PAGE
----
In this fractured university of many moving parts, students tend to get lost in the mix. For this reason, the goal of serving as a forum, resource, and voice for students has been at the top of each Spec editor’s “To-Do” list for the four years I’ve been here. But Spectator’s greatest flaw remains its ongoing struggle to connect with and fully represent undergraduates themselves.
Instead, within our student community, Spectator is perceived as insular. It’s true that Speccies form a tight crew. College is a time of shaping personal identity, of situating oneself in the world, and having a close-knit group of people to identify with enables that. The most important thing I will take from Spectator is the sense of belonging it gave me, of feeling like this was a place where I could grow as a person while contributing something meaningful to the people around me.
But because Spectator’s self-stated mission is to be a forum and platform for all students, not just its staff, it’s in a slightly different position than other student groups. There are a finite number of points that those in power pay attention to, and use to take the pulse of the undergraduate student body—and for better or for worse, Spectator is one of them. In March, a trustee had an op-ed published in our Opinion pages. Administrators, alumni, and neighborhood residents regularly comment on and submit articles, and again, the paper is perceived as an authoritative student voice.
So it troubles me when I hear that different groups on campus feel they are not represented in Spectator’s pages. The worst I’d ever heard was an acquaintance referring to Spectator as Columbia’s “Fox News.” And that’s not the only statement of its kind. How can this be? The people Spectator most wants to connect to are, literally, our next-door neighbors, students in our classes, residence halls, and extracurriculars. They are our peers. But a dividing line remains between Spectator and the rest of the undergraduate community.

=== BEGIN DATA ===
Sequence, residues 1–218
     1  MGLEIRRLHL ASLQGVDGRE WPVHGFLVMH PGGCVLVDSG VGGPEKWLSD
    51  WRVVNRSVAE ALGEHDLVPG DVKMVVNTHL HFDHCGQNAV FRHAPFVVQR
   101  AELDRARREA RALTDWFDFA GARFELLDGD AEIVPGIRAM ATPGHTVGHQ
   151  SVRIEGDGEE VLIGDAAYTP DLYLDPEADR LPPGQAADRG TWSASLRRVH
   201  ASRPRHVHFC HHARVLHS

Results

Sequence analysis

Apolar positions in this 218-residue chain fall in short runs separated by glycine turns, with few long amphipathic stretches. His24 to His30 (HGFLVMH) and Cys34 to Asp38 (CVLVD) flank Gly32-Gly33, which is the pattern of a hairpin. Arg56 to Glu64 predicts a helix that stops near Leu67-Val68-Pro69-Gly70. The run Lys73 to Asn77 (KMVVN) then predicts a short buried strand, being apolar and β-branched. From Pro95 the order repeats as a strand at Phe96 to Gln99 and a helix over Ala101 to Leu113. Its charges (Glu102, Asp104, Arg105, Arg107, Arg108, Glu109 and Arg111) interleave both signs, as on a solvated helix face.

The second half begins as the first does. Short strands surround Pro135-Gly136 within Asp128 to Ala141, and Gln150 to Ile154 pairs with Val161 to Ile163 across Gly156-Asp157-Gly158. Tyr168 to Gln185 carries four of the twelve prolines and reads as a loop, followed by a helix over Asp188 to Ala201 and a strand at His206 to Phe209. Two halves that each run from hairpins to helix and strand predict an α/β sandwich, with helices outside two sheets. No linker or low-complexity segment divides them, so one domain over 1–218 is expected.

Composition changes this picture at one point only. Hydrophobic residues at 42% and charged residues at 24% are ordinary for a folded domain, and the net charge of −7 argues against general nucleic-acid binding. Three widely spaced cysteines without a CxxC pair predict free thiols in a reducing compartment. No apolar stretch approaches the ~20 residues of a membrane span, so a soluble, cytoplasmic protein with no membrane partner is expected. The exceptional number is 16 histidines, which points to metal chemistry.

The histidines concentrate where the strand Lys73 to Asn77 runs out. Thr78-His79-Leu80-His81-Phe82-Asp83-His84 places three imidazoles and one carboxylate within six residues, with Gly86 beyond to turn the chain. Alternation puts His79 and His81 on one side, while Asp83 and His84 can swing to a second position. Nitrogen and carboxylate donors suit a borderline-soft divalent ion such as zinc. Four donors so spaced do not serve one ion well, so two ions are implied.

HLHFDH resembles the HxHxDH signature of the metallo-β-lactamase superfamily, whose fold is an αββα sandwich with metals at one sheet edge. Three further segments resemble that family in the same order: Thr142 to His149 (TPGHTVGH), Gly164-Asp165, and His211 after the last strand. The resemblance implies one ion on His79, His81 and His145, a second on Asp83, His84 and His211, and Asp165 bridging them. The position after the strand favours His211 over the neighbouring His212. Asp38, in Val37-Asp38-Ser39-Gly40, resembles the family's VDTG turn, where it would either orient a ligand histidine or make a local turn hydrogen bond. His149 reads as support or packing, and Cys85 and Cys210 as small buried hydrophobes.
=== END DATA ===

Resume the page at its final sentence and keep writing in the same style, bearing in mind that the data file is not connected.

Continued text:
To a certain extent, I think it is in the nature of student groups at Columbia to exist in their own bubbles. Our university can have an alienating effect, and developing smaller, close-knit communities is one way of alleviating that effect. But to reconcile the goal of community dialogue with each individual staff member’s desire for personal development, Spectator should cultivate an internal culture of external engagement.
This is not a new idea. I have increasingly seen editors make appearances at campus events and discussions, trying to indicate that Spectator cares and is paying attention. So as my own small contribution, I’d like to take a line from one of the CCSC tickets this year (The 212) and suggest that Spectator should not just reach out to students, but turn itself inside out.
I will present two examples. First, there should be as few questions as possible about how Spec operates internally. We call for transparency from administrators all the time, and Spectator can benefit from its own transparency. Consider Opinion’s recent series on how its op-ed process works—having things like that permanently on the “About” page would be great.
Second, in spite of the fact that I have hugely benefited from using it as a private study room, the office should be treated as a more open and accessible space. Spectator hosts a lot of internal events, and while these are for the benefit of the staff, I don’t think anything will be lost by inviting other people in.
I said earlier that a sense of belonging and contribution defined my time at Spectator. Readers should also feel that they have the access and ability to contribute to the direction of the paper, and the current culture does not encourage that. If Spectator can change this, then maybe those outside the organization will feel something of what I, inside the organization for so long, have felt for it.
The author is a Columbia College senior majoring in political science. She was a design associate on the 133rd volume, design editor for the 134th managing board, staff director for the 135th managing board, arts & entertainment training editor for the 136th volume, and is a member of the editorial board.